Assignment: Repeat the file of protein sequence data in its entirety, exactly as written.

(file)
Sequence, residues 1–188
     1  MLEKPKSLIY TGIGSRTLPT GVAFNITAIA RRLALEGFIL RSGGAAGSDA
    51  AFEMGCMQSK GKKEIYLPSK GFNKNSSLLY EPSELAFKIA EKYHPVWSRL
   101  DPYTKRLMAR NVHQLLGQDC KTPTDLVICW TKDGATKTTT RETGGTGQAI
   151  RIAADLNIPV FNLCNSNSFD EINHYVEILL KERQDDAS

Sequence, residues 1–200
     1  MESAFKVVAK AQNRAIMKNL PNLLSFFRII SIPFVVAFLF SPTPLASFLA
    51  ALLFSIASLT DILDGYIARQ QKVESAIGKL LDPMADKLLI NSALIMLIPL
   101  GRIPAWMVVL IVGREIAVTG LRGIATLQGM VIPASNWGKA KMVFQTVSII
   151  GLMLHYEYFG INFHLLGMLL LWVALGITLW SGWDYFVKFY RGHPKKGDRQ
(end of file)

Sequence, residues 1–188
     1  MLEKPKSLIY TGIGSRTLPT GVAFNITAIA RRLALEGFIL RSGGAAGSDA
    51  AFEMGCMQSK GKKEIYLPSK GFNKNSSLLY EPSELAFKIA EKYHPVWSRL
   101  DPYTKRLMAR NVHQLLGQDC KTPTDLVICW TKDGATKTTT RETGGTGQAI
   151  RIAADLNIPV FNLCNSNSFD EINHYVEILL KERQDDAS

Sequence, residues 1–200
     1  MESAFKVVAK AQNRAIMKNL PNLLSFFRII SIPFVVAFLF SPTPLASFLA
    51  ALLFSIASLT DILDGYIARQ QKVESAIGKL LDPMADKLLI NSALIMLIPL
   101  GRIPAWMVVL IVGREIAVTG LRGIATLQGM VIPASNWGKA KMVFQTVSII
   151  GLMLHYEYFG INFHLLGMLL LWVALGITLW SGWDYFVKFY RGHPKKGDRQ